First the worst, second the best: Singapore Airlines offers agents NDC choices
By Jasmine O’Donoghue
Sometimes it’s good to be the first, but not always.
In the introduction of IATA’s NDC program, it would appear Singapore Airlines has chosen to take the back seat to learn from its competitors.
The long-awaited roll-out of NDC has been trickling through the news cycle for some time, as airlines drip feed their plans to introduce the standard and now, Singapore Airlines will make NDC content available to agents from 1 July under an expansion of its KrisConnect program.
When Qantas’ new distribution model, the Qantas Channel, went live on 1 August last year, the industry was promised the change would “modernise the way agencies book fares and deliver personalised experiences to customers”.
Two weeks later, the first Travelport bookings through the channel were made and since then there has been reports the carrier has faced resistance from some agents, with those who choose to use existing GDS channels facing a hefty $17.50 per sector surcharge, in addition to no longer being able to access a wide range of traditional fares being made available via indirect channels.
Despite the benefits of the platform touted in August “expected to start flowing through in the coming months”, travel agents have yet to sing the praises of the channel.
When Singapore Airlines unveiled its plan this month, it’s clear that the carrier seems to have taken a distinctly different approach to Qantas. While the industry is yet to see the plan come to life, the carrier has promised it is taking the route of a “collaborative” approach with agents.
For Singapore Airlines, the power of choice seems to remain in the hands of agents, with the carrier offering four different means of connecting with the airline and its NDC content.
From 1 July, agents will be able to go direct with Singapore Airlines, or through GDS, with SQ working with Amadeus, Sabre and Travelport. New technology partners, or aggregators, will also be part of the introduction, such as Atriis, HitchHiker, TPConnects and Travelfusion. The fourth option will be the carrier’s first agent portal in the market, AGENT360, which will be an information and booking portal.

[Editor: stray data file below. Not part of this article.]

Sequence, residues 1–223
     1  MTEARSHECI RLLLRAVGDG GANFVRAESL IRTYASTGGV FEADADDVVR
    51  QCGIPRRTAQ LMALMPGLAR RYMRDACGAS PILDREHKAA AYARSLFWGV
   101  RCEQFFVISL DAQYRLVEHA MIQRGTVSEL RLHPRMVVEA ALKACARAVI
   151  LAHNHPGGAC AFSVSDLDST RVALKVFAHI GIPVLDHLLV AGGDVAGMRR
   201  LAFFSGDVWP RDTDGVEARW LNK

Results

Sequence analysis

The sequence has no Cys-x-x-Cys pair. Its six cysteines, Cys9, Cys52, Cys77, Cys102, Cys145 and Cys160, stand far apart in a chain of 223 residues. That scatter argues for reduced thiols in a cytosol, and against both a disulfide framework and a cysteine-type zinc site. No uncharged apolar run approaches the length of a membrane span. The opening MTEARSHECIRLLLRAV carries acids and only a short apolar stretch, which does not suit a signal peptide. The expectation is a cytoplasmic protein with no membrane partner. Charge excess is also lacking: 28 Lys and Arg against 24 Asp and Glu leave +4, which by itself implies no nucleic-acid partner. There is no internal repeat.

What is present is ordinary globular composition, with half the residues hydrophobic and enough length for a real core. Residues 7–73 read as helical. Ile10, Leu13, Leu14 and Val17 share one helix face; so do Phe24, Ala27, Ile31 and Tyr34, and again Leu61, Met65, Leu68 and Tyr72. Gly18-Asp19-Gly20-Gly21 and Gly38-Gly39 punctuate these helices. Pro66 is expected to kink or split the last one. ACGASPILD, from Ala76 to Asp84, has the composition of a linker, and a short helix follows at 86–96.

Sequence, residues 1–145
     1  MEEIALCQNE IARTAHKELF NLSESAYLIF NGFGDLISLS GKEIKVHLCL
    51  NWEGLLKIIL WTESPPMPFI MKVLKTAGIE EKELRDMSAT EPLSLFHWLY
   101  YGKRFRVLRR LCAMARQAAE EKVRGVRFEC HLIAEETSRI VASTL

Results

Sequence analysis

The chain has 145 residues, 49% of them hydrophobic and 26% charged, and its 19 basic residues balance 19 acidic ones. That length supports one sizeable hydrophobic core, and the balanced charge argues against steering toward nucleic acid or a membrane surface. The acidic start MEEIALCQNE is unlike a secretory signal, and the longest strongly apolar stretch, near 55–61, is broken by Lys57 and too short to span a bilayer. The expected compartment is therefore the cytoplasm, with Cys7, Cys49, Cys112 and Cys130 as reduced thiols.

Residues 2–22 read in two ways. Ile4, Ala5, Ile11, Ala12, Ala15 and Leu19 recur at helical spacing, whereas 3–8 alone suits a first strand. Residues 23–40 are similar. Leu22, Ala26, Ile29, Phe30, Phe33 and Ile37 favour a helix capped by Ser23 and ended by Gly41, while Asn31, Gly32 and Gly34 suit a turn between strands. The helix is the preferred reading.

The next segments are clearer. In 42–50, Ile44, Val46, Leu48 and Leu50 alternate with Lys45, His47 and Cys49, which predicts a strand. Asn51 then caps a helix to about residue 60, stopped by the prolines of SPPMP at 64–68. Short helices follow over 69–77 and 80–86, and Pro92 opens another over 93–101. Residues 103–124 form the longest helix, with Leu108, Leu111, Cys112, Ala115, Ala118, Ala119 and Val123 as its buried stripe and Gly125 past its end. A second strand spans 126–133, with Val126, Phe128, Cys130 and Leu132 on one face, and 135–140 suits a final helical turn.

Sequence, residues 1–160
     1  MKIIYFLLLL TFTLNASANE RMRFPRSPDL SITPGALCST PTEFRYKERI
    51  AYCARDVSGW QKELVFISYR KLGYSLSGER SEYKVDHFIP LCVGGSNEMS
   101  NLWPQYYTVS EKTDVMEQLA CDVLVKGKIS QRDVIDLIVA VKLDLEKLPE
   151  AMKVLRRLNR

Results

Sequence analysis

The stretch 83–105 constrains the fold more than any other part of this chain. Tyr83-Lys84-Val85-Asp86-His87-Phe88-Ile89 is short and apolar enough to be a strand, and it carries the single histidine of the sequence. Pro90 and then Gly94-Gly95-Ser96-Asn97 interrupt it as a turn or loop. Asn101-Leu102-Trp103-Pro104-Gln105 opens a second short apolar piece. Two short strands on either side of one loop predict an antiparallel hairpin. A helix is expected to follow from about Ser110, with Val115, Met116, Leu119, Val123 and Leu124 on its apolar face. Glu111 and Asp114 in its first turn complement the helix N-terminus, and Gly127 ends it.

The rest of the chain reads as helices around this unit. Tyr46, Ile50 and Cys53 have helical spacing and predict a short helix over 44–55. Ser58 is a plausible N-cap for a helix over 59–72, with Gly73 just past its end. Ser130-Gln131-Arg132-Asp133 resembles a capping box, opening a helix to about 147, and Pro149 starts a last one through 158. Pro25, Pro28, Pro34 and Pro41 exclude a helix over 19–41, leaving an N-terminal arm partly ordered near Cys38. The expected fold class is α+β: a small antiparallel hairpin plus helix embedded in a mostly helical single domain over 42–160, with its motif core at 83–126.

While Qantas set a hard 30 June 2019 deadline for agents to sign up prior to its 1 August 2019 launch, restricting content through traditional channels from that point on, agents who decide to stay with the existing system to access Singapore Airlines’ content will be allowed to continue ticketing as they have in the past, without financial penalty.
Just like Qantas, not all options and benefits will be readily available on at the start date, with each means of connection having its own yet-to-be revealed timeline.
Singapore Airlines has touted that it will be able to provide agents with the full suite of NDC capabilities from 1 July, but there may be some feature differences as technology partners come online.
The quickest option, it seems will be agents who decide to develop for their own platforms and get a direct connection to Singapore Airlines. The carrier said these agents will be able to connect “after an onboarding process”.
If an agent chooses a GDS or an aggregator, the features they provide and when they will be available may vary, and Singapore Airlines have advised agents speak directly to their preferred provider.
While the exact dates are a little hazy, Singapore Airlines has promised the move will provide agents with improved speed-to-market, access to the widest range of fare products, including personalised content and the ability to provide customised products to their customers.
Agents will be able to access new options such as booking preferred seat selection, and with that, additional chances to earn commission.
Singapore Airlines General Manager National Agency Sales Greg McJarrow told travelBulletin “with the right encouragement and the collaborative approach that we are looking at, I think we will get a very good uptake from the Australian trade”.
A clear effort has been made by Singapore Airlines to plate up a more palatable NDC package for agents, but the question remains – will they bite?